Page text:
I highly recommend playing this. Not only does it include vocal effects, thunder and ghostly wails similar to those heard in 90’s Halloween decorations, but it also shows how to make a slide whistle using a turkey baster! That last one might seem out of place, but can’t you imagine it in a creepy circus? YouTube has many other fascinating tutorials, such as this one about creating clown horn noises with your mouth! It’s also not too difficult to make the sound of water drops with you mouth. If you can’t find the echo toy used in the Spangler video, a modified version of this homemade laser sound device could be a decent replacement. Anyone familiar with Dr. Druid’s Haunted Séance knows how putting a coin onto dry ice can create eerie screams. But did you know that rubbing a block of dry ice against a metal cookie sheet can also produce a different unnerving effect? Be sure to wear heavy gloves while doing this!
The groaning cup effect in the Spangler video can also be modified to create frog croaks. Just use a rubber band or sausage shaped balloon instead of string! You can make your own wooden train whistle for ghost train effects and I have to wonder if those without access to woodworking equipment could make something similar using a carrot flute. Vegetables can be used to create a wide variety of temporary instruments (including an owl call made from a bell pepper). The uploader hasn’t gone into detail about the creation process in a video yet, but he does answer questions made in the comments section. But you can always try making your own owl calls using your hands. The tutorials on crow caws and loon calls might also be of interest. Storm effects can be made with a box filled with marbles or by a group of people using only their bodies! I found another video which has more detailed instructions about using the body method, but the first video I linked to is admittedly more impressive. This homemade distressed rabbit call (which is used to attract coyotes) might sound scary if you altered it with audio editing software. One such program, Audacity, can also be used to make things sound like they’re being played on a radio.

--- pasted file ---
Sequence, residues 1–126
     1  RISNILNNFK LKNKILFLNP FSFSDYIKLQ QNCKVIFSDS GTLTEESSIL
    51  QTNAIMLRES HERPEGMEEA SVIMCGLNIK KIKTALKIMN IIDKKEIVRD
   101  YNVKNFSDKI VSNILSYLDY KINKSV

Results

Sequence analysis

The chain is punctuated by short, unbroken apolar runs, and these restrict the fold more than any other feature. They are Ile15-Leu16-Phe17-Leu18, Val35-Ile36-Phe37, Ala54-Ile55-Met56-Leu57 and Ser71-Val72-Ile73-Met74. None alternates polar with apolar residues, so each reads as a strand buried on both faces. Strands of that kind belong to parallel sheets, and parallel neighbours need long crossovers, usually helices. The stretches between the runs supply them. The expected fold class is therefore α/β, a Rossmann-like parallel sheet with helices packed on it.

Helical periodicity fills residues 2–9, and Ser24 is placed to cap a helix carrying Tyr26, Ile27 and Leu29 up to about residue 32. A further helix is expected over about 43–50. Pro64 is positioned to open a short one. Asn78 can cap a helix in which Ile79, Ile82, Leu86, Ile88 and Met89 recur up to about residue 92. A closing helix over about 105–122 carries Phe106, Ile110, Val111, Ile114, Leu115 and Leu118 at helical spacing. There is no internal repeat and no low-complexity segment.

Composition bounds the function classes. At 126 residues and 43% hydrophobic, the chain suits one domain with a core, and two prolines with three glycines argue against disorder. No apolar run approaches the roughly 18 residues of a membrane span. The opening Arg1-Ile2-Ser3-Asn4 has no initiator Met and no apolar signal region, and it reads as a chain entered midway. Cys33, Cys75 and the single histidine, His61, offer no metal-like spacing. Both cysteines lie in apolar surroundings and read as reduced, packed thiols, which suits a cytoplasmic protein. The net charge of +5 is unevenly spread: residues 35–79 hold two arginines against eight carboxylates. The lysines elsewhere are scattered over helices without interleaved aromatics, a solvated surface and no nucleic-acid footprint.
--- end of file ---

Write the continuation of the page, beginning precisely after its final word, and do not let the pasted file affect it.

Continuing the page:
Editing software like Audacity can help you in many other ways. I’ve heard of people altering and reusing thunder effects to use as gunshots and rumbling sounds for a haunted boiler room. You can easily record yourself laughing maniacally, breathing heavily, saying things like “Beware,” screaming, growling, whispering, groaning and moaning. The sounds of scratching, thumping, pounding and muffled yells are also popular, as are using dogs to create wolf sounds. Just be sure to let your neighbors know ahead of time so nobody calls the police by mistake. Even if they don’t sound all that great on their own, changing the playback speed and applying filters can make them much more frightening. You can speed things up, slow them down, play them in reverse, combine multiple tracks and any other combination you can think of to create truly unique results. Taking familiar musical compositions and slowing them down several hundred or thousand times is a very popular online trend at the moment and the results are often disturbing. You could simply record yourself saying “uh…” for as long as you can and make similar alterations in order to get an easy scary drone track. As an added bonus, slowing it down increases the duration of the track! Don’t be afraid to try imitating certain sounds you’re looking for using only your voice. Even if altering it with an editor doesn’t give you the desired effect, you can still try messing around with it to make a different scary effect.
The podcast A Sound Effect has lots of advice on creating your own custom audio, as does Epic Sound’s The Guide To Sound Effects. I also found an episode of HaunTopic Radio which discusses sound effects creation.
You might also enjoy:
Inexpensive Theremin Substitutes
The Apprehension Engine
Gravedigger’s Local 16 is not to be held responsible for the content on or anything that may occur (be it good or bad) as a result of visiting or downloading from any links on the above links (or constructing a project that’s detailed on them). This also applies to the suggestions made here. Attempt at your own discretion.